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Mt. Rushmore, only closer

David Adickes' giant busts of presidents bring viewers within range. In Virginia, his outdoor museum also brings controversy.

September 10, 2004|Sarah Richards | Special to The Times

Texas artist David Adickes will tell you himself that it's massive size, more than artistic vision, that distinguishes his statues of American presidents. Paeans to history in concrete and steel, the 18- to 20-foot-tall busts fill two outdoor museums dedicated to education and civic responsibility, but they're bringing their creator no small measure of notoriety.

Not everyone, it seems, appreciates a reinterpretation of Mt. Rushmore.

"I have a plastic pencil sharpener with George Washington's head on it," says Ivor Noel Hume, a former head of archeology at Colonial Williamsburg. "I just sort of feel it's the plastic head, blown up."

The idea for creating a series of presidential sculpture parks came to Adickes after a 1994 visit to South Dakota.

"I'd always wanted to see it, but you couldn't get close to it," Adickes says of Mt. Rushmore. "You don't get an intimate feeling; you look at it through binoculars a half-mile away."

So Adickes, 77, decided to reinterpret the place: Rather than four faces, he would sculpt the heads of all the American presidents. And instead of placing the leaders at a distance, he would bring visitors up close -- so close, they could look up Jimmy Carter's nostril.

Adickes' first park opened with little fanfare in August 2003, near Lead, S.D., about 40 miles from Mt. Rushmore.

But in Virginia, where a second park was built a few miles from Colonial Williamsburg, it was a different story.

In 2000, when Ronald Reagan, Thomas Jefferson and four other heads rolled into the area on Adickes' flatbed truck, York County officials secured an injunction that barred the sculptures from being unloaded. Work was delayed for months while the two sides wrangled, until a judge ruled that the park could be built. It opened in March of this year.

Tim Andrews, director of public relations at the Colonial Williamsburg Foundation, says the opposition stemmed from concern that the statues would clash with the ambience of the historical area.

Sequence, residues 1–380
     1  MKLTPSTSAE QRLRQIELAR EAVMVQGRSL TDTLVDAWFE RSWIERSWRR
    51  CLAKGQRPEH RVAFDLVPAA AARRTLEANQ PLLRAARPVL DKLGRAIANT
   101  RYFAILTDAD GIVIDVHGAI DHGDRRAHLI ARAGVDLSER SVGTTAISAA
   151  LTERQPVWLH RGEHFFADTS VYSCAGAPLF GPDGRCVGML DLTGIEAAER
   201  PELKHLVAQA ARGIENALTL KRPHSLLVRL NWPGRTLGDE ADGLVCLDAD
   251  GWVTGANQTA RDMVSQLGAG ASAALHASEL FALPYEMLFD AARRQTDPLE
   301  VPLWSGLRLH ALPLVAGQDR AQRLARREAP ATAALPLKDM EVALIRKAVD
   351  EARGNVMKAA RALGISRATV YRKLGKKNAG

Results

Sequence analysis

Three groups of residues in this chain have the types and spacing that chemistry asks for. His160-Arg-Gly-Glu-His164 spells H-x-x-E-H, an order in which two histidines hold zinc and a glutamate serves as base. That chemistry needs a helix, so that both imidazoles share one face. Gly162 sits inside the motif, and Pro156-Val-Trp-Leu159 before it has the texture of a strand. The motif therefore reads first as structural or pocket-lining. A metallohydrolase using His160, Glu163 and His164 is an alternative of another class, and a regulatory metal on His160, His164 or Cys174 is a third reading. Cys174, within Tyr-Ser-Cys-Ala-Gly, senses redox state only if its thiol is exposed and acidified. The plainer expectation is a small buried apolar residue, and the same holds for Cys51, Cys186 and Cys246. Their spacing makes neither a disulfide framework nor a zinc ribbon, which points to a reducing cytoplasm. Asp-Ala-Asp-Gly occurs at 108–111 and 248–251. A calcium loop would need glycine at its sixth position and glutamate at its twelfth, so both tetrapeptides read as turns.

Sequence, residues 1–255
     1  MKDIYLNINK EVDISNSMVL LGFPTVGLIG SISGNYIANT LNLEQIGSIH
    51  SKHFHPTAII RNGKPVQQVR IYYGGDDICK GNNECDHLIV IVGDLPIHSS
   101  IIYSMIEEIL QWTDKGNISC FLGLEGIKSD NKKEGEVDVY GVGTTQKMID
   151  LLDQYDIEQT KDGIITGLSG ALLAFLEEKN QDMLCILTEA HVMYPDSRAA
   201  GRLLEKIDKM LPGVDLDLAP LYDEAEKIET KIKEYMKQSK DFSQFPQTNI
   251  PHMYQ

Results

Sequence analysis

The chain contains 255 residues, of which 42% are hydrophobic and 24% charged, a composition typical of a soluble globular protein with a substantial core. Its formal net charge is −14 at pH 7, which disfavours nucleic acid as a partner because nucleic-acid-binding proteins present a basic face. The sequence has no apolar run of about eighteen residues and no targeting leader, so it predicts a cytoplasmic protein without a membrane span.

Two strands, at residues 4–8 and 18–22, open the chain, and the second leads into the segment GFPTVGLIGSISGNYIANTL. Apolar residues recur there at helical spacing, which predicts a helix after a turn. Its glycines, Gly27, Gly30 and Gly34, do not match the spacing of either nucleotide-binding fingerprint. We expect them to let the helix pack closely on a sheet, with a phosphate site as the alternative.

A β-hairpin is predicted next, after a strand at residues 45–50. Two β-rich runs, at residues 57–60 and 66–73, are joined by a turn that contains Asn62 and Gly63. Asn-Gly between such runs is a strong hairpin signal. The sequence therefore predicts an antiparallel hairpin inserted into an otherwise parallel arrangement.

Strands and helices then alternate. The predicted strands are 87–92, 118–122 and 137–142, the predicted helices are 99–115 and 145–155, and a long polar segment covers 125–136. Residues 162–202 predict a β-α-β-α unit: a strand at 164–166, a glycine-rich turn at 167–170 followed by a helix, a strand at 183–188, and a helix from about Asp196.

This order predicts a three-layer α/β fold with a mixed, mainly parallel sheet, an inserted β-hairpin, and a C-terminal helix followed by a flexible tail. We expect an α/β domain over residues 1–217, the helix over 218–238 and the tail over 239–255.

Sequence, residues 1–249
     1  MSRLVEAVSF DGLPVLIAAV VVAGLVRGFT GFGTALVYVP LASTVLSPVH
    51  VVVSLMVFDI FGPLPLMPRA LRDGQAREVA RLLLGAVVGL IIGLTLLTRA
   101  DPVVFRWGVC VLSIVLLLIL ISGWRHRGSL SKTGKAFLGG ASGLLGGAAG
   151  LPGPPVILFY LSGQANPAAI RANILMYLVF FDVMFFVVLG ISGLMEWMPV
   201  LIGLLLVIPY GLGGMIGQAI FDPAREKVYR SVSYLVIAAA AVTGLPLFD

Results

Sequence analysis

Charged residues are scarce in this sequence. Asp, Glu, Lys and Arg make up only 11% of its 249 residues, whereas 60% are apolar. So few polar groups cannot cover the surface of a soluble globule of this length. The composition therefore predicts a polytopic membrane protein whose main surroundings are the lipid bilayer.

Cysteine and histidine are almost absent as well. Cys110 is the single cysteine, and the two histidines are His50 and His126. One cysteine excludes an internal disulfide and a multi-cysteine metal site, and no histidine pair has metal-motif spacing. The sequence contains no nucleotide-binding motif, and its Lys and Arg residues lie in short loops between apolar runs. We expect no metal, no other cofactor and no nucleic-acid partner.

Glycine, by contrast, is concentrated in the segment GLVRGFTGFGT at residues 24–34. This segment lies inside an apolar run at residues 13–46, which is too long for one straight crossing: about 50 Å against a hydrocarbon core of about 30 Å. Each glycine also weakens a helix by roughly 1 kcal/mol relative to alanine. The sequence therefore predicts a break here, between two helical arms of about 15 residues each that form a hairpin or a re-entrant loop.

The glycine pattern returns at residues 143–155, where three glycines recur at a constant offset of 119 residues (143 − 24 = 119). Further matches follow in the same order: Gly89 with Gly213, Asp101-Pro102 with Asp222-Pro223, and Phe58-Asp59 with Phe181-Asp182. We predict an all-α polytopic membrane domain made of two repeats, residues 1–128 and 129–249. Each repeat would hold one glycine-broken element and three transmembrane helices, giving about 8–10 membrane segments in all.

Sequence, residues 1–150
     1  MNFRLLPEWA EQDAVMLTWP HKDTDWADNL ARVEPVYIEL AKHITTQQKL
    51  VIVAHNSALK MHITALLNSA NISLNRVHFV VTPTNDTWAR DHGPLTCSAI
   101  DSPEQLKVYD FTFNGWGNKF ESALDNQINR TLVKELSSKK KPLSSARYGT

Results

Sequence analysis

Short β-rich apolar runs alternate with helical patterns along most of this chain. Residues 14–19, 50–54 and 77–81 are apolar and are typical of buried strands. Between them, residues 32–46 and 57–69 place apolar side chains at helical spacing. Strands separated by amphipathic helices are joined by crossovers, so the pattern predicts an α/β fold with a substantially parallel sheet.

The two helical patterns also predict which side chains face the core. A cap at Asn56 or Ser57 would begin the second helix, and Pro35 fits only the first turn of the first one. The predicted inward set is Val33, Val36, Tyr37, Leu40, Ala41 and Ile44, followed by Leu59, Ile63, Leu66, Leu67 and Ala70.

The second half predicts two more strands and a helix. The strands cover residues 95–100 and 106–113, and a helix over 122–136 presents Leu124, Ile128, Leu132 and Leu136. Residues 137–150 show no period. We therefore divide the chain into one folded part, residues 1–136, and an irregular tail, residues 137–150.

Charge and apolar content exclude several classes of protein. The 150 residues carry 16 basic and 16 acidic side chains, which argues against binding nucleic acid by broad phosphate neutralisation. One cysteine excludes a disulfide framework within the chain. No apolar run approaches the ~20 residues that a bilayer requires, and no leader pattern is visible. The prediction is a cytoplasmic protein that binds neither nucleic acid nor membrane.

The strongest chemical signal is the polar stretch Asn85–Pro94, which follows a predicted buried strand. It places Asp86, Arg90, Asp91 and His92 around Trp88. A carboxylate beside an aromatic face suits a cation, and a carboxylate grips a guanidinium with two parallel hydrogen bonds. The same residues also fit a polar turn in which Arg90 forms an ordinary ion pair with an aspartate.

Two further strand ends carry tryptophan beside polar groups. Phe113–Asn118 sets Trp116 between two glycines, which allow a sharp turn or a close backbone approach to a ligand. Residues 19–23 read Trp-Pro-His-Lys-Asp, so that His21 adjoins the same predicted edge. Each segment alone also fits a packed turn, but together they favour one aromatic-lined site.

"We raised questions at the time whether these sculptures, particularly in their large scope, were aesthetically the right fit for Williamsburg and whether they properly represented the emphasis that we have in Williamsburg on historical authenticity," Andrews says.

Nonsense, says Everette Newman III, a partner with Adickes in the Williamsburg park and president of FCR Group, a commercial real estate development company in Williamsburg. "Those people who objected did so for two reasons," he says. "They were all trying to protect the gem of the historic triangle -- Colonial Williamsburg, Jamestown, Yorktown. Secondly, none of them had seen one of the monuments in a finished state."

Adickes says that "some of the people would still like to be wearing three-cornered hats and drinking beer out of pewter mugs.... They'd rather still be colonists."

Even so, more than 10,000 people visited the Williamsburg park in its first 60 days, and Newman says he hopes to pull in 200,000 by the end of the year. Adickes says the South Dakota park is "going slowly" but that he hopes to break even there soon. (Both parks charge admission: from $6 for kids to $9 for adults at the Virginia facility.)

Separated by size

At Adickes' studio warehouse near downtown Houston, workers are busy using chain saws to carve cheeks and jaws on the latest batch of statues. The heads are made of a concrete mix shaped in a mold and mounted on a rugged steel frame. Each takes roughly five weeks to create and weighs, on average, 7,000 pounds.

Adickes acknowledges that the faces on their own are not artistic feats.

"Almost any good sculptor could have done these; there's no particular interpretation," he says. "But there are not many people who could have done them big, and I think that's where I'm different."

Big. It's not just an adjective but a state of mind in Texas, where Adickes was born. Houstonians are accustomed to seeing his colossal statues downtown and along state highways. A towering 76-foot-high Sam Houston beside the highway in Huntsville is probably Adickes' best known work, although "Virtuoso," an enormous cellist in front of the Lyric Business Centre in downtown Houston, also is well known.

"His work comes from an ancient genre of very large-scale commemorative sculpture," says Sara Kellner, director of DiverseWorks, a Houston arts center.

Adickes studied art in France after serving in World War II, then returned to Texas in 1950 and began selling his paintings in local galleries. His work also has been displayed at the Contemporary Arts Museum in Houston.

But it was investments, in stocks and real estate, he says, that helped buy his warehouse studio. More recently, he has purchased land in the Houston area on which he plans to erect more statues, including a giant abstract sculpture of the Beatles planned for an area along Interstate 10.

"That's Paul, John, Ringo ... George," he says, pointing to a sketch on a work table. "I don't like any other rock and roll bands, really."

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